Tuesday, June 28, 2011

Summer field camp - halfway point.

Field camp is halfway over. It has been a fun experience that I will be both happy and sad to see end. It's certainly been a strange lifestyle for me.

My typical day consists of the following:

Waking up at 6:50 and forcing myself to choke down nasty cafeteria food. From here I go meet with the other geologists where we meet and get a short briefing on the day and then we hop in some crazy motorpool vans which are then taken on roads which are probably only meant for cattle. We arrive at our destination sometime around 9 and at this point we hop out and do some joyous mapping stuff which consists of walking around endless field and forests in search for rock contact changes. We use a GPS to mark these places and then continue looking for anything of significance. Around noon we stop and eat. I have brought a peanut butter (without jelly) sandwich for lunch every day so far. I'm getting quite sick of them. After this we continue the prior mapping stuff until around 4ish when we all start getting excited to go home and we get back in the motorpool vans and head back to eat some delicious cafeteria food. (Yes, after 8 hours of being in the field it's quite amazing despite tasting horrible.) After this I spend time either chatting with friends, going to get drinks or writing up reports from the information I gathered. It's fun, I guess, but it's not at the same time.

I really like that these 29 people I spend every day mapping with have become, for the most part, my friends. I realize the likelihood of me ever seeing them again after 18 more days is almost zero and that is somewhat sad because I really enjoy some of them, but it's cool being around such a unique and diverse group of people. I've really enjoyed going to the bars with them and spending days off exploring downtown Ashland and playing sports. It really reminds me of the first two years I spent in Logan. Except it just feels so much more like the real world that I see in movies and what I feel life should be like. We go out to bars and sing karaoke and we cuss at each other and we're all just friends. There's no drama of who dated or made out with who or who is a sinner for not going to church. It's just a really laid back bunch of people to be around. I can't even begin to express how different the social aspect of life here is than it is in Utah. I really like it, but sometimes I also miss my innocent Utah bubble. Despite wanting to get away from it, it is what I've known for 18 years and it's a part of me.

I finished my first project a few days ago which was in Hilt, California. This was a very intense structural mapping project in the hot sun and hilly terrain. The east coast people called them mountains, haha. The paper ended up being around 20 pages after figures and appendices. I felt so professional having written this thing, haha.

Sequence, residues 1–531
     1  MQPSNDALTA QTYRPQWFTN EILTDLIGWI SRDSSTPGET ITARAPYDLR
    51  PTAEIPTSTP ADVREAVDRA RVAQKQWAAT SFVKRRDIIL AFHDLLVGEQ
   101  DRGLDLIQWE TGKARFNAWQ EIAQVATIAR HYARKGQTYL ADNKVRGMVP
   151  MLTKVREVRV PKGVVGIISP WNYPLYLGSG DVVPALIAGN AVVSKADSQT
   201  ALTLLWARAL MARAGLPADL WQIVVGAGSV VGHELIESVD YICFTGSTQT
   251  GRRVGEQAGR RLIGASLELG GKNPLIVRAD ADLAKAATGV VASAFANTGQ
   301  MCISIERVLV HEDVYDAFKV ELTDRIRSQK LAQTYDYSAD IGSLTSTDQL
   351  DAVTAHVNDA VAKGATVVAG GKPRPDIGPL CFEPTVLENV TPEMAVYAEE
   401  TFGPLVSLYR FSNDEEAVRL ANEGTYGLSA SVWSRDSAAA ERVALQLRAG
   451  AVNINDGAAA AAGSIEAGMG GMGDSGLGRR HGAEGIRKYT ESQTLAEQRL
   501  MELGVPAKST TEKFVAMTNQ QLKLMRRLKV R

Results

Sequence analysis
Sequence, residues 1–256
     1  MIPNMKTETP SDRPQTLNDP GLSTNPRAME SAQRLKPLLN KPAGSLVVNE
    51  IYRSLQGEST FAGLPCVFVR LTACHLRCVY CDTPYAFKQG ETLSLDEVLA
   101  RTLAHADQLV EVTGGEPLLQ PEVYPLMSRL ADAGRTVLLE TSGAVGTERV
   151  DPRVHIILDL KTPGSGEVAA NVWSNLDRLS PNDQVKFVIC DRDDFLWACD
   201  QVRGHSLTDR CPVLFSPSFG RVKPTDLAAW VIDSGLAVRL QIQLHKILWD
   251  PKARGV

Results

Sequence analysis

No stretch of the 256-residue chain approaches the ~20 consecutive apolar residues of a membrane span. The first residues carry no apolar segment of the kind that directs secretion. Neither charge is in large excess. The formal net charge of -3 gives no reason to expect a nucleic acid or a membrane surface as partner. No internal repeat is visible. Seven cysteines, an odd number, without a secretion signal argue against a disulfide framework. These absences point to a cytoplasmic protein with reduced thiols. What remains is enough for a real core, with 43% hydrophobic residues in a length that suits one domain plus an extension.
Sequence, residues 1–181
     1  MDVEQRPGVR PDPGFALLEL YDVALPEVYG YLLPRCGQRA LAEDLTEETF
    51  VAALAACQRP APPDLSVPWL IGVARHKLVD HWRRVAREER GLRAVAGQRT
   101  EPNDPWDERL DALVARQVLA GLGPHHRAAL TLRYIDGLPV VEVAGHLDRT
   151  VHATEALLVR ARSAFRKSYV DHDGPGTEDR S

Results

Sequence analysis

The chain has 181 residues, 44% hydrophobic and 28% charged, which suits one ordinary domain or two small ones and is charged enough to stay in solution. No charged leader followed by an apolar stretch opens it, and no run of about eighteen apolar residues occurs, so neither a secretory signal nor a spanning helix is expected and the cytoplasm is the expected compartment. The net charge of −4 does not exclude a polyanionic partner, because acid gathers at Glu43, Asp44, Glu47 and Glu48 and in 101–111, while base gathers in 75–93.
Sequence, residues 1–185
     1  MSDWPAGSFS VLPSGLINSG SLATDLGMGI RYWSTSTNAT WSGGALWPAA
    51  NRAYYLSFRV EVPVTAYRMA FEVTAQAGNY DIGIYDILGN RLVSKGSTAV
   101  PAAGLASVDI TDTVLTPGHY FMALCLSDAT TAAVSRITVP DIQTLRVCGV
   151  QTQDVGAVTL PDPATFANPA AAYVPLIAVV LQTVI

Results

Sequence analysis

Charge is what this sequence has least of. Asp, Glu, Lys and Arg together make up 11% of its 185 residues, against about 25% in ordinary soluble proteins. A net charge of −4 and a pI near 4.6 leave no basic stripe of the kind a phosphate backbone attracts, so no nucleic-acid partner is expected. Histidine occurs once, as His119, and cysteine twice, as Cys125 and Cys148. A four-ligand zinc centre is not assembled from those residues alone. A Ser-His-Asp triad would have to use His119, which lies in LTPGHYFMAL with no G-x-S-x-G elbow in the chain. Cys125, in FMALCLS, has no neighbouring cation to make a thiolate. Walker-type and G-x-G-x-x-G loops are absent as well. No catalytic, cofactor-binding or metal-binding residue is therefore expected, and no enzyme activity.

The thing I think I hate most about this place is living in college dorms. College dorms are horrible excuses for a living situation. I'd almost rather be in a tent in the woods. There is no such thing as peace and you can't be alone. There's always someone making noise. While for the social aspect of life this is good and I always have something to do, sometimes I kind of just want quiet. I also hate using what is basically a public restroom. It's kind of gross. Also the whole experience is kind of like boot camp for geologists. This may sound like an exaggeration, but it isn't. We work long hours, get back and have to interpret. This happens six days a week and on top of that we get no sleep, we eat terrible food and basically live in bunkers. I suppose I do have my own room and this is nice, but it's not like I can't hear every damn thing everyone in the rooms next to me say.

Today was a fun experience at least. We're in a new field area that is northeast of Ashland in a forest. It rained pretty hard most of the day (by Utah standards anyway) and made the entire forest drip with water. The forest was so thick that there were decomposing logs that would make up the entire forest floor in some places. After tracing a contact between Tertiary and Quaternary lava flows we needed to head back to the rendezvous point. My two partners and I were about a kilometer out in some of the thickest vegetation I've ever seen, probably about as thick as the stuff I worked in on the Oquirrh's last summer, and had about 45 minutes to get back. It was some pretty intense bush whacking to get back to the river that we would have to ford. Then we had a brilliant idea that we could use the suspended cable trolley in the area that is used to measure streamflow velocity. Unfortunately it started pouring rain at this point and there were three of us for the two seater trolley which needed a fourth person to taxi it across the stream for us. We ended up cramming in the trolley and heading back across through the rain. It was really fun. The van ride back was rather miserable as it was about 45 minutes and I was soaking wet.

Tomorrow I get to go back to the same location and continue working on my volcanic flow/stream flow hydrogeology project which will actually be used by the Medford Water Commission in their analysis of the watershed system which is used to supply all of Rogue Valley, minus Ashland, with their water. Sort of looking forward to it, however the freezing cold water is definitely not a perk. Anyway, I need to be up in about 7 hours, goodnight.

Wednesday, June 15, 2011

Driving to Oregon

I thought it would be fun to blog about my drive to Oregon, since I never put photos in my blogs and they're always about either politics or how dating in Utah is as cool as wearing socks with sandles I thought I would try something new.